In Hawaii, they’ve got that Polynesian Cultural Center, which on the one hand is a way to educate people about some of the culture and history of the various polynesian people, but at the same time, it reeks of colonialism. There’s just something about putting a people’s way of life into a living museum that’s just too much like a zoo. I mean, can you imagine coming to Los Angeles and visiting a Los Angeles Cultural Center where you can eat the actual food that Angelinos eat, see what real Angelinos wear on display, and watch re-enactments of the cultural myths and legends us Angelinos tell? Imagine a luau-like meal with In N’ Out burgers served while “native” people dressed as hipsters re-enact the latest Avengers movie on stage. Ridiculous right? I’d feel really insulted by a stereotype-generating machine like that.
Nevertheless, in the post-colonial economy and environment, it provides jobs for the the local community, and it can even support new artistic works that modernize old customs into new forms to be passed on to a new generation. For example, the last time I went to the Polynesian Cultural Center, I watched the production “Ha: Breath of Life” which is supposedly based on a common story shared across many of the Polynesian cultures. The show was really stunning and well put together and provided not only jobs but a forum for new and meaningful cultural expression.
Cultural centers are quite the mixed bag, so when we arrived at the Alishan Zhou Cultural Center, I tried hard not to roll my eyes at the amusement park feel of the place, but at the same time, I did learn about Zhou culture and history at their museum and, by visiting and purchasing goods at the place, I was supporting the actual Zhou people descendants who were employed at this Cultural Center. So the whole thing wasn’t half bad.
It also helped that the Cultural Center itself was beautiful and had a gorgeous view.
The first thing we did when we arrived was get a guided tour through the museum of the Zhou culture, history, and lifestyle. Along with the tour came a little keepsake souvenir.
Next, we were led up to a stage area where a cultural performance was held. Of course, they performed the most famous Alishan song, one about Alishan’s young women being as beautiful as water and their young men being as strong as mountains. Even an American raised kid like me knows the song.
Alishan was originally inhabited by indigenous tribes of Taiwan, primarily the Zhou or Tsou tribe, but when Han Chinese immigrated to Taiwan, their conflict with the indigenous peoples pushed many indigenous groups deeper into the mountains. When the Dutch came to the island, some of them fled conflict by also going deep in the mountains, and supposedly they met with the Zhou and lived among them. So the argument is, the Zhou women are beautiful and the Zhou men are strong because they’re all hapas. Well, beauty is in the eye of the beholder of course, but if that story is true, they’d all be at least genetically healthier.
There was even some audience participation that was reminiscent of a Japanese Obon bon odori dance. One thing we noticed throughout Taiwan and at this center was that there were tons of tourists from mainland China. They sure got into the audience participation part.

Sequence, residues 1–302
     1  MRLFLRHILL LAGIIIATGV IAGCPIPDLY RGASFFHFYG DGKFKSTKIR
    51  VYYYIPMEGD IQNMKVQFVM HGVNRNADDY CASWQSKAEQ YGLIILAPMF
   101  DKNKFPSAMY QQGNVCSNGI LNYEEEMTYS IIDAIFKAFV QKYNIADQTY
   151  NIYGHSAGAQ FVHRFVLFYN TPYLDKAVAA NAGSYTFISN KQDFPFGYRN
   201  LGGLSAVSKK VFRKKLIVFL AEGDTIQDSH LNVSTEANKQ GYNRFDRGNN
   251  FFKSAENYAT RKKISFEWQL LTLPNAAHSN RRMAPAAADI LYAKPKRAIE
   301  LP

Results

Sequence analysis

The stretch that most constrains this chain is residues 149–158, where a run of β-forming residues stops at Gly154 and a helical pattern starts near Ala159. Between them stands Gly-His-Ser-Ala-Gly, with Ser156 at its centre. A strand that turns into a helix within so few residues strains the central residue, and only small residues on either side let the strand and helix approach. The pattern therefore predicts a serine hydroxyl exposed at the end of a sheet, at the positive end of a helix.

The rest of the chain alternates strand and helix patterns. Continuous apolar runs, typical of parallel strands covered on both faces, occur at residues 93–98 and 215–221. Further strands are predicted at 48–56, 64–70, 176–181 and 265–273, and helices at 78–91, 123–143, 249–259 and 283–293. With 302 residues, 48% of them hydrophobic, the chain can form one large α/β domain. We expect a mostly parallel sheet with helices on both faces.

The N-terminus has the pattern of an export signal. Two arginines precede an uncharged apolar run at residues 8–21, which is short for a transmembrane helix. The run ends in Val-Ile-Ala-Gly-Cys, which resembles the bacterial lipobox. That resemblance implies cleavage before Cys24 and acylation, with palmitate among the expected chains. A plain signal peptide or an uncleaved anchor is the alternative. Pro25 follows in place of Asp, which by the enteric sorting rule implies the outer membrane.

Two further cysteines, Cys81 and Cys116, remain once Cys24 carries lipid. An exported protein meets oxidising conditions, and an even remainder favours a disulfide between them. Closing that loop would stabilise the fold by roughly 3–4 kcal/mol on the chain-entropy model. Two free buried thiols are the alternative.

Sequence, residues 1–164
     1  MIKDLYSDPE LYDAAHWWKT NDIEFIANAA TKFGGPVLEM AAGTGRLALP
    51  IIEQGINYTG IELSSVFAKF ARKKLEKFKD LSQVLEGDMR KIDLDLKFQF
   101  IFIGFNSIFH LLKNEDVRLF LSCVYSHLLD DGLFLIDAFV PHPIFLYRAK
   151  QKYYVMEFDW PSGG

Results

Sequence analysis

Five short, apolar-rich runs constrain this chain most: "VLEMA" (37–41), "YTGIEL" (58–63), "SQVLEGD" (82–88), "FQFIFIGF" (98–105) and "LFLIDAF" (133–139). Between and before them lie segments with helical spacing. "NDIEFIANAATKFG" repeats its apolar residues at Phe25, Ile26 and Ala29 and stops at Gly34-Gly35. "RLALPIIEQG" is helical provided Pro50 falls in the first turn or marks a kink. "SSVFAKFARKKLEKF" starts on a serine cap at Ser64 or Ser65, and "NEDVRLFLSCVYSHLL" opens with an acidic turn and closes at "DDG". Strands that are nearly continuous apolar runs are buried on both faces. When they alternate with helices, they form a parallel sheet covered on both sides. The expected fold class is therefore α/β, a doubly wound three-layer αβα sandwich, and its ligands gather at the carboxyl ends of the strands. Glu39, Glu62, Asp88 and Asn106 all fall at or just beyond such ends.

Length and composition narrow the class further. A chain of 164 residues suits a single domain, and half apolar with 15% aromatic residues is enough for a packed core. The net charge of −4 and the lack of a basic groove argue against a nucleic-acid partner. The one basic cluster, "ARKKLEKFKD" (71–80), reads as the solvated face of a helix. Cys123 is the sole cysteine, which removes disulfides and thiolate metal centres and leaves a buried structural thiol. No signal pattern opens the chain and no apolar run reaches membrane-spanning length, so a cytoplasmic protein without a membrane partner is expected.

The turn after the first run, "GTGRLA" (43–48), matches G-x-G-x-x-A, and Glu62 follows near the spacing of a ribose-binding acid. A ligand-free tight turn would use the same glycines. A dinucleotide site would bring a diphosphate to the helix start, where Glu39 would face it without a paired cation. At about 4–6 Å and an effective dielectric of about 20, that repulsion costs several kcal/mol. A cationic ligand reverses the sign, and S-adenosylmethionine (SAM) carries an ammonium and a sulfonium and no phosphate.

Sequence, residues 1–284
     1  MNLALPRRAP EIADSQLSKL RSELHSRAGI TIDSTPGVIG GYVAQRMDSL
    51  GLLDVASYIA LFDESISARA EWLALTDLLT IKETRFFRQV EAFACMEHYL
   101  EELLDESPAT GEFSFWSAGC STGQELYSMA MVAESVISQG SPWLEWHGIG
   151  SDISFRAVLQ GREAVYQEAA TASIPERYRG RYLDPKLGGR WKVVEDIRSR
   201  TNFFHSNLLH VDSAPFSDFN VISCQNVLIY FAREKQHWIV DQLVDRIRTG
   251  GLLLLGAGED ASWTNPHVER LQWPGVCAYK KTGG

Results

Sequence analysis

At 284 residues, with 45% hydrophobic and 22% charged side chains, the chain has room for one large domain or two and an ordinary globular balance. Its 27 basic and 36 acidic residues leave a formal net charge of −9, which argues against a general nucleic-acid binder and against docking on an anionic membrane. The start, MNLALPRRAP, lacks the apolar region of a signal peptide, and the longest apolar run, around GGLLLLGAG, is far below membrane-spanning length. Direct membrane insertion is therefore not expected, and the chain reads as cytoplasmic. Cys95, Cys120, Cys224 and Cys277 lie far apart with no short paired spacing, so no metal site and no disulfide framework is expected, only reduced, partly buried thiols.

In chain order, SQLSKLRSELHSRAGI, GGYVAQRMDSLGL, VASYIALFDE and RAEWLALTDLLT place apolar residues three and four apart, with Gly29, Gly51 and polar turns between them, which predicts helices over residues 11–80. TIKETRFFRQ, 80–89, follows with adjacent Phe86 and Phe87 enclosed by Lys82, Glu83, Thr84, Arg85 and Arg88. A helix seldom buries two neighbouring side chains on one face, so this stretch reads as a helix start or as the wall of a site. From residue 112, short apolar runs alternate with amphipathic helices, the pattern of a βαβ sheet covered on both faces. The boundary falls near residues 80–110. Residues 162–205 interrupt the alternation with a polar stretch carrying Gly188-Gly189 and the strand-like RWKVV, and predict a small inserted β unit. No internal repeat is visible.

The most interesting part of the performance was when Enigma’s hit single Return to Innocence suddenly blared over the speaker system, and the performers started to dance to it. At first, I thought that it was some strange attempt to integrate a pop culture song into the performance to make it more accessible. But I thought, “Why this song?” I remember it playing everywhere on the airwaves (pre-internet age) back in the mid-90s during my high school years. It’s an old pop song. Wouldn’t it make sense for them to use a more recent pop song? Then I read up on it and found out that the chanting-singing part of the song, which everyone, including me, thought was Native American was actually from Zhou musicians. They sued Enigma and the music companies and got a settlement as well as credit for the song. Good for them.
After the performance, we ate at their on site restaurant, and our meal included some of their traditional foods, even though it all seemed like just Taiwanese food to me. Well, technically it is, since the Zhou are more indigenous Taiwanese than me or any of my ancestors, being descendants of Han Chinese.
The people who performed earlier were also the ones serving us and waiting on our tables. Then I realized our initial guide through the museum had also been in the performance and was also there in the restaurant serving people. He was also on the big cultural center poster sign outside. I bought mochi from him before we left the center too. Guess they have to wear multiple hats to keep the costs of running the place down?
Finally, being a tea enthusiast, I was eager to move on to my favorite part of the whole Cultural Center experience–the famous Alishan high mountain tea. Aside from zen-like tea fields, there were also quaint tea houses lined up. At least this time I don’t have to lament the tragedy of not having good tea to go along with the amazing vistas.
Inside one of tea houses, we were served complimentary tea, trying out some of the different gourmet teas they had to offer. Containers and gift packages of the teas were available for purchase.
It did all feel like a tourist trap sort of thing, and I wondered how good the tea actually was, but it tasted pretty legit, and Alishan tea is one of those “brand name” teas in Taiwan and abroad. In fact, they explained to us that there are a lot of knock off teas that sell as Alishan tea but aren’t really from Alishan. Supposedly, you should look for this label to see if it’s legit or not.
Next up, the legendary Alishan Sunrise.